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September 1, 2011
News : Independent tests for ball-tracking systems
News : ICC should take control of DRS - Virtual-Eye chief
News : Virtual Eye chief says the goal should be to remove all doubt
News : Agreement on DRS after Hot Spot is made mandatory
Sidharth Monga : Let's talk about the DRS
In Focus: Technology in cricket
Sites: Cricinfo ICC Site
An independent software funded and developed by the ICC would help evaluate the accuracy of the two competing ball-tracking technologies, Paul Hawkins, the Hawk-Eye chief executive, has said. The two ball-tracking technology providers for cricket are Hawk-Eye, used for the 2011 World Cup among other series, and Virtual Eye, used during the 2010-11 Ashes.
Hawkins said that though an independent software may not be as accurate as the two systems currently in use, it would still be good enough to point out glaring errors committed by either technology provider. He also suggested penalties be imposed on either provider if they were found to be consistently inaccurate.
"What we have proposed to the ICC, which I feel will be hugely beneficial to everyone involved, including ourselves, is a software solution which the ICC could use to independently monitor both systems, ourselves and Virtual Eye," Hawkins told ESPNcricinfo. "So any lbw decision used for DRS, or not for DRS, that anyone has concern with, be it the board, players or the umpires, then the ICC can look into it in the same way that they evaluate the human umpires. It'll be very easy for them to have a software that will give them independent answers for pitch point, interception point, prediction of whether the ball will go on to hit the stumps.
"It certainly won't be as accurate as our system but will be accurate enough to highlight if either system had made a glaring error, of over two centimetres for example. Since it will be developed by the ICC, who have the best interests of the game at heart, they can independently produce track records of both systems and we would be happy to hold our hands up and say, 'If we make too many glaring errors, then we should lose our license to be able to provide ball-tracking systems,' and that would have to apply to Virtual Eye as well."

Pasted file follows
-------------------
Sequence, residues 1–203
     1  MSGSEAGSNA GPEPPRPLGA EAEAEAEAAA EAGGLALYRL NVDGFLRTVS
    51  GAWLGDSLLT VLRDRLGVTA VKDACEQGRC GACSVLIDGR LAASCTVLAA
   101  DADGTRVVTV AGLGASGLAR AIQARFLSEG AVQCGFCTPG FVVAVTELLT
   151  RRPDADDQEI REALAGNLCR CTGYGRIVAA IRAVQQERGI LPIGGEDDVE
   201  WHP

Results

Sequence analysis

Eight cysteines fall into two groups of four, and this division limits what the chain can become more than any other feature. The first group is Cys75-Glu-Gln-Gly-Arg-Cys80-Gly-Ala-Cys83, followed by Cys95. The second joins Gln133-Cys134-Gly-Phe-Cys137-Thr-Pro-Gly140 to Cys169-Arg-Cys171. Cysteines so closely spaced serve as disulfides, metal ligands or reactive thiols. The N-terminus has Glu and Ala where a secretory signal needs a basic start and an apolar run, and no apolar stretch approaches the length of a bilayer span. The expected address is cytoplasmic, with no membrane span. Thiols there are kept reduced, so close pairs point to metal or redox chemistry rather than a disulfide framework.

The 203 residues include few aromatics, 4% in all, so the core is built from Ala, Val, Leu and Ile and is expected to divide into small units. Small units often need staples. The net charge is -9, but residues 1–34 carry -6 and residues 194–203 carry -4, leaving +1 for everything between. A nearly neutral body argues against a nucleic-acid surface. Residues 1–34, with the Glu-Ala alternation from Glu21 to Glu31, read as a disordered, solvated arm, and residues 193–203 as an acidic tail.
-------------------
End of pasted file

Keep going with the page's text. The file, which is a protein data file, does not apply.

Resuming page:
Such a system, Hawkins said, would help in a couple of ways: "That's a quality-control mechanism that would give everyone the trust. And from a technology person's perspective, it keeps us on our toes because we'll know that there is a downside to us not providing accurately reliable technology."
While ball-tracking continues to be used in cricket coverage, it has been made optional in the Decision Review System (DRS), largely due to opposition from the BCCI, which has questioned its accuracy and said it isn't fool-proof.
The software would have to be developed by a neutral body approached by the ICC, but Hawkins said generating such a system was not difficult "It doesn't require a lot of expertise," he said. "It can be developed in a week. To do the scaled-down model that doesn't need to work in real time, it can have human input and can be developed easily.
"Let's just say it's got to decide whether the distance between pitching and hitting the batsman is accurate to within 1 cm, and the prediction of whether the ball's going to hit the stumps accurate to within 2.5 cms. For every decision, it can give a tick or a cross. They [ICC] are at the stage of working out how best to go about it. My hope is that an independent body does become established so that both companies can promote their own track records and it'll be very definitive."
One of the significant disagreements between Hawk-Eye and Virtual Eye is over frame-rates of the cameras used in ball-tracking, and the role they play in determining an accurate track. Hawk-Eye's cameras track the ball at 106 frames per second, and Virtual Eye, during the Ashes in 2010-11, tracked it at 230. In an interview on ESPNcricinfo's audio show Time Out, Ian Taylor, chief of Virtual Eye, said the higher the frame-rate, the better the decisions can be due to more data being available for establishing a ball-track. Hawkins, however, challenged that claim.
"It's completely misleading, in fact it's wrong," Hawkins said. "If it was just about frame-rates, why not have cameras of 1000 frames per second, or 2000 frames per second. You can get cameras that run for 10,000 frames per second. We have run a higher frame-rate system alongside our lower frame-rate system and our lower frame-rate system has worked better, just to explain to you how important frame-rates are in the overall scheme of things.
"You need very high-resolution cameras in order to accurately find the centre of the ball in each image. You need very accurate calibration mechanisms to know exactly what the calibration or the lens distortions of the cameras are, you need to be able to very accurately synchronise your cameras so that an image taken from one camera is taken at exactly the same time as an image taken from another camera. Or you need to compensate for that by knowing the time difference between the cameras. And you need to be able to compensate for any wobble there might be in the camera."
Ball-tracking technology for DRS is currently in use for Australia's tour of Sri Lanka.
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